M.E.L. (MyoElectric Locust) is a three-wheeled robotics platform that is controlled by locust flight muscle activity. The locust is tethered to a support on the platform. Electromyographic recording electrodes are then inserted into the left and right forewing first basalar flight muscles (a pair of muscles that controls the timing of the downstroke of the wings). The recording electrodes pick up electrical impulses in the muscles when they are activated by the locust to contract. While flying, locusts steer by asynchronously activating the left and right muscles. This changes the timing of the left and right downstroke which changes the left-right balance of aerodynamic forces. The electrodes let us "eavesdrop" on the electrical activity of the muscles and we use this information to control the electronics of the platform. So...when the locust flaps its wings, the car goes forward and in the direction the locust is trying to fly.

Locusts are large insects native to equatorial regions of Africa and Asia. Locusts are most often noted for the damage they cause to crops when they aggregate into large swarms. Less well know is that because they are such excellent fliers and have an accessible nervous system, they are also used frequently by scientists interested in insect flight. They are considered a "model organism". Locusts also possess ears that are sensitive to ultrasound (sound frequencies above which humans can hear). We believe that bats, which use ultrasound to hunt, eat locusts. This is important for us because it means that we can use a small device called a "Zapper" (like an electronic dog whistle) that produces ultrasound to get locusts to steer. In the video clips below, you'll see us use a Zapper (a small grey box that looks like a remote control for a TV) to get the locust on the platform to steer.

I (Jeff) am a Ph.D. student at Queen's University in Kingston Ontario Canada studying the neural control of ultrasound avoidance steering in locusts, and Ron is a software engineer with Research In Motion in Waterloo Ontario. I got the idea to build M.E.L. when my good friend John Dower FAXed me a photocopy of a Discover Magazine article about Steve Bathiche and his Mothmobile. Bathiche modified a remote controlled car so that activity from hawkmoth flight muscles would cause it to go forward and a harness around the moth controlled the steering.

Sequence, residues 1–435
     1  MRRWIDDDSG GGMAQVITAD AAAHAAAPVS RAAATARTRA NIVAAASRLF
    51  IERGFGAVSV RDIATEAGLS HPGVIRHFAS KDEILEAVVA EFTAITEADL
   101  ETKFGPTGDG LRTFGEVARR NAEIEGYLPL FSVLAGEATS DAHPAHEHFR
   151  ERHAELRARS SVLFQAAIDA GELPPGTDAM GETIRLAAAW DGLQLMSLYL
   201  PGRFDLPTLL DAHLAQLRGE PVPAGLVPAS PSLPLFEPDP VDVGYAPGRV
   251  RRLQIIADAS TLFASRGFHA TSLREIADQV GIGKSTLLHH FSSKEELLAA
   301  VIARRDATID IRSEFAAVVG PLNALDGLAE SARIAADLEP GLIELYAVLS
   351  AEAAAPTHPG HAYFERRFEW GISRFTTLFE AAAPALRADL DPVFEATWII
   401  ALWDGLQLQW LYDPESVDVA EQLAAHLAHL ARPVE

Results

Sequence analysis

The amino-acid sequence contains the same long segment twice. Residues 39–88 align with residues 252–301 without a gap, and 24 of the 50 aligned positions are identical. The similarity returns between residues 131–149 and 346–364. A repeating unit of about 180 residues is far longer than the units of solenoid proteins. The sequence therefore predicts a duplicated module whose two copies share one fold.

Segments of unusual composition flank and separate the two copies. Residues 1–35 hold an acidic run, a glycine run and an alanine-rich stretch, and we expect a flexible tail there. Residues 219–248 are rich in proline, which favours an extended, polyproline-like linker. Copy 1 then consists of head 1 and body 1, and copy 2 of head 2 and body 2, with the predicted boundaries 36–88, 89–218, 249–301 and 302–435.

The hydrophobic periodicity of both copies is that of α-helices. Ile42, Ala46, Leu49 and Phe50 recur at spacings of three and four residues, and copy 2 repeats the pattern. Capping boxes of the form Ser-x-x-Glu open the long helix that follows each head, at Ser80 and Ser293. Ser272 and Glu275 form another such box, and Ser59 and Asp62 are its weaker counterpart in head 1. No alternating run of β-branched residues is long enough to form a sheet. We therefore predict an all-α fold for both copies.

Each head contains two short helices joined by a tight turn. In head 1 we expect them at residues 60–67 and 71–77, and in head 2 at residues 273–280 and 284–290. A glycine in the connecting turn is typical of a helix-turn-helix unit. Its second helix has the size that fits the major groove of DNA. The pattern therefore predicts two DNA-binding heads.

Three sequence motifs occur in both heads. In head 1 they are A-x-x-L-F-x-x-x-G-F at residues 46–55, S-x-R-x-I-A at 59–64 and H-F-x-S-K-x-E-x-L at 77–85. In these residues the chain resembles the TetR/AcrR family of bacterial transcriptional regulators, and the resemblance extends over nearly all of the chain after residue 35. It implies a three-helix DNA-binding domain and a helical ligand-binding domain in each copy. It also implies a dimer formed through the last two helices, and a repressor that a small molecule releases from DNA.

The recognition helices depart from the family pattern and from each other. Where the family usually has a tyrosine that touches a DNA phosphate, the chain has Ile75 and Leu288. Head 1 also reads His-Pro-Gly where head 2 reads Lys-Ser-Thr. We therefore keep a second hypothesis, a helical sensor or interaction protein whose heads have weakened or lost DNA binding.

We spent approximately two months planning the design by conversing over email and four very long (and tiring) days assembling and testing. Naturally, most of the design was accomplished during the four days of construction. Initially we were going to modify a remote controlled car (as Steve Bathiche had done for his Mothmobile) but after much consideration (see explanation in the poster below) we felt that using a platform with three wheels would be better. We found a robotics kit on the internet available from HVW Technologies that was perfect. Those final four days were *very* intense and we worked nearly around the clock. I think we visited every electronics store in Waterloo that weekend. During the last night of construction I remember Ron was debugging the code for the PIC controller around 3:00 AM while I was implanting EMG electrodes in another locust to test the code. We were finally convinced the car was working properly sometime around 4:00 AM after which we decided we needed more space to be sure. At about 5:00 AM we arrived at the foyer of Research In Motion and implanted one last locust. The car worked great!

And... if you're wondering why... M.E.L. was built for the fun of it.

M.E.L. was presented as a poster at the 25th Annual East Coast Nerve Net meeting in Woods Hole MA in April 1999.

Below are some video clips of M.E.L. in action. These video clips are in AVI format compressed using the Intel Indeo video v4.3 codec (these should play without trouble with Windows Media Player).

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This first clip was shot during the late stages of construction. Jeff is at the bench adjusting the electronics and Ron zooms the camera in to see the locust begin flapping on the tether.
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After the car was complete we needed more space to see if it would work. We took the car to the foyer of Ron's work place. This video shows the car avoiding Jeff's stamping feet. Note that it only takes a puff of wind on the locust to get it to fly and that the locust can steer the platform in both directions. This clip was shot sometime around 5:00 AM!
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We start the locust flying by lightly touching the end of its abodmen. This clip shows the locust steering the platform to its left but after being zapped with ultrasound steers the platform to its right.
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This video clip shows the locust keeping the platform on a straight course but then steers it to its left after being zapped from the right.
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Here we try to get the locust to steer the platform by jingling a set of keys (a good source of ultrasound). The locust should steer away from the keys but instead turns towards them. More interesting is that the locust subsequently steers the platform to avoid collision with chairs and back towards the centre of the room. This shows visual avoidance by the locust and that it can steer the car both left and right.

We thank Fok-Han Leung for helping with the videotapeing for the CarXa.avi files above.


2000 Jeff W. Dawson. No part of this WWW site or the video clips may be used without permission.